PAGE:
IN A NUTSHELL:
- Facebook will be removing ads for fake medicines for COVID-19 coronavirus;
- The matter concerns ads that suggest urgency or limited availability.
Business Insider reports that Facebook will start banning advertisements of fake medicines for COVID-19 coronavirus, which play on users' emotions. The company wants to reduce disinformation and panic on its social networking website. The information was provided by a spokesperson Mark Zuckerberg's company.
"We recently implemented a policy to prohibit ads that refer to the coronavirus and create a sense of urgency, like implying a limited supply, or guaranteeing a cure or prevention. We also have policies for surfaces like Marketplace that prohibit similar behavior," reads the statement for Business Insider.
It is worth recalling that a few weeks ago - at the end of January this year - the company informed that it will remove posts containing false information about the discussed disease (e.g. those that have been disavowed by the World Health Organization) if they pose a risk of causing a negative impact on the health of the readers. This is a reasonable step, given the coronavirus-related statements, conspiracy theories and memes that appear on the web.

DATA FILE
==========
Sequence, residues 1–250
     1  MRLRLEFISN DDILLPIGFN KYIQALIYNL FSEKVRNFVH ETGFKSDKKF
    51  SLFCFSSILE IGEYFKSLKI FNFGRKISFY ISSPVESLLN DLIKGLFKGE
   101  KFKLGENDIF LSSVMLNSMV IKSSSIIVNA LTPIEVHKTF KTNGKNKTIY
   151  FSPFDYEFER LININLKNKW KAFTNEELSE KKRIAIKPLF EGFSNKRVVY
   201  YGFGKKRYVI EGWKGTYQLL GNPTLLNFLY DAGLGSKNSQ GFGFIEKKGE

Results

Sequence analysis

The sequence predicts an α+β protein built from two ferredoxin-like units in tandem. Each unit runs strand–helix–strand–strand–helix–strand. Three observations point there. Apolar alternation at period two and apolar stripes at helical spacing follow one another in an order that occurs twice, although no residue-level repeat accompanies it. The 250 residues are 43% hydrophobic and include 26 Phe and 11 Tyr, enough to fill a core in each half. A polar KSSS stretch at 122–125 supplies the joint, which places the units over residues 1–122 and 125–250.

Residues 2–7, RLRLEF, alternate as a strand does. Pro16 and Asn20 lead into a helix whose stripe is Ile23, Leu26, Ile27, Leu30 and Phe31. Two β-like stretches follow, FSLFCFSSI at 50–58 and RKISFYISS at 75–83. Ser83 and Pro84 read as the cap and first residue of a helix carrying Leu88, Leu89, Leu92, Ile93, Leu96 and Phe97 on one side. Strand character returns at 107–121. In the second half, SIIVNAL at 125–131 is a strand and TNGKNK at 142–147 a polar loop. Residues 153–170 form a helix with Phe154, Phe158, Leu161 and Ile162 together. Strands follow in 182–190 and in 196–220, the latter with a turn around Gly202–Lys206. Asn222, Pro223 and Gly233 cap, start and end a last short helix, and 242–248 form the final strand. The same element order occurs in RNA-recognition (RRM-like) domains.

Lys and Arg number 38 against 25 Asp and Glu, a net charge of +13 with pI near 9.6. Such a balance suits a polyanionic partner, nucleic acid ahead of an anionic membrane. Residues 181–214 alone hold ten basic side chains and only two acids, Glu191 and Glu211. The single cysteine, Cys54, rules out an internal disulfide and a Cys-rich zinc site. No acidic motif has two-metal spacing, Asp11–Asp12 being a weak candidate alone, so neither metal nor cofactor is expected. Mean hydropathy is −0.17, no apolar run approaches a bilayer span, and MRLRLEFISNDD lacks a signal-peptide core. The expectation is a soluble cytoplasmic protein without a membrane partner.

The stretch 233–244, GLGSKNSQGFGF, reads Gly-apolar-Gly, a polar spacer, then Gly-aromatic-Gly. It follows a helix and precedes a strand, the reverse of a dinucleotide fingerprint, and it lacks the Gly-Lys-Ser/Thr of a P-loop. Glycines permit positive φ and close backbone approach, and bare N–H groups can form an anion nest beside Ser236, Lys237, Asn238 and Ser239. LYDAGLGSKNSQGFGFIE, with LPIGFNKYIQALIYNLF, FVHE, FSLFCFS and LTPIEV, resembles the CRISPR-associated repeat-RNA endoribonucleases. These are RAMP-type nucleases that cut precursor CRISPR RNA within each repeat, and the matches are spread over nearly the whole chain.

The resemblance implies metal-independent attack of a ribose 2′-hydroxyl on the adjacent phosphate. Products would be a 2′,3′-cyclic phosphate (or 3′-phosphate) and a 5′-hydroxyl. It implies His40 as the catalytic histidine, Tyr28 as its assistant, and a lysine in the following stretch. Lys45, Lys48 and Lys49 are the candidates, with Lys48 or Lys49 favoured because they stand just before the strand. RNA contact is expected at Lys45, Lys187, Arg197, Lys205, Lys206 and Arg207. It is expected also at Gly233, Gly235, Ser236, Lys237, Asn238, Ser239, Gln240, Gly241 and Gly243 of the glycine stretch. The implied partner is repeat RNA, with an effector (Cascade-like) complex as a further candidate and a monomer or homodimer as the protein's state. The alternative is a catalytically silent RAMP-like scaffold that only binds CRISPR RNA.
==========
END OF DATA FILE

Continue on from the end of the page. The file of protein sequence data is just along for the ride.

Originating from the Chinese town of Wuhan, the COVID-19 coronavirus has so far killed over 2.7 thousand people. The number of infected people has reached 80,000 (current data can be found at this address). Although these statistics are not very shocking in global scale, the spread of the disease and the difficulties in detecting it cause disproportionate panic in societies in many countries (which is not necessarily bad, because sometimes it is better to be safe than sorry). It's not surprising that there are scammers who want to make money from this situation.
It is worth recalling that COVID-19 has had a negative impact on the industry - because of it many companies have cancelled or limited their participation in upcoming events, such as PAX East 2020 or Game Developers Conference 2020. Some of the events have been completely cancelled because of the threat. In Asia (mainly in China, but not only there), numerous factories have also been closed, which may have an impact on hardware prices, and in the worst case, even on the planned launch of next-gen consoles this year.
- Facebook - official website